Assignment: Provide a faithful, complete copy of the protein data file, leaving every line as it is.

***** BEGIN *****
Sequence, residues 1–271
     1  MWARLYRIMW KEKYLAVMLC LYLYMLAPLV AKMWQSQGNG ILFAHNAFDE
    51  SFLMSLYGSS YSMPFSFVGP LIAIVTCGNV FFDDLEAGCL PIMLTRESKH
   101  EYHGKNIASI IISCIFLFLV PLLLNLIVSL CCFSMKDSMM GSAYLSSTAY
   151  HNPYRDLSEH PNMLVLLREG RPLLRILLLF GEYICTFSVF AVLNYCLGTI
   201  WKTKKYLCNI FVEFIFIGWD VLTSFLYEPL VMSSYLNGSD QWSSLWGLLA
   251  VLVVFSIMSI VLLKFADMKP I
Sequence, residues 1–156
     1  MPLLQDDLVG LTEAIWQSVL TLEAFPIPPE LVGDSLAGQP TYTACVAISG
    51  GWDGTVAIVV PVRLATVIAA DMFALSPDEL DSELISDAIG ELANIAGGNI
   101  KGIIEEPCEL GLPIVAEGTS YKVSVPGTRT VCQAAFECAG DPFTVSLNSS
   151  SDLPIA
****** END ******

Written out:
Sequence, residues 1–271
     1  MWARLYRIMW KEKYLAVMLC LYLYMLAPLV AKMWQSQGNG ILFAHNAFDE
    51  SFLMSLYGSS YSMPFSFVGP LIAIVTCGNV FFDDLEAGCL PIMLTRESKH
   101  EYHGKNIASI IISCIFLFLV PLLLNLIVSL CCFSMKDSMM GSAYLSSTAY
   151  HNPYRDLSEH PNMLVLLREG RPLLRILLLF GEYICTFSVF AVLNYCLGTI
   201  WKTKKYLCNI FVEFIFIGWD VLTSFLYEPL VMSSYLNGSD QWSSLWGLLA
   251  VLVVFSIMSI VLLKFADMKP I
Sequence, residues 1–156
     1  MPLLQDDLVG LTEAIWQSVL TLEAFPIPPE LVGDSLAGQP TYTACVAISG
    51  GWDGTVAIVV PVRLATVIAA DMFALSPDEL DSELISDAIG ELANIAGGNI
   101  KGIIEEPCEL GLPIVAEGTS YKVSVPGTRT VCQAAFECAG DPFTVSLNSS
   151  SDLPIA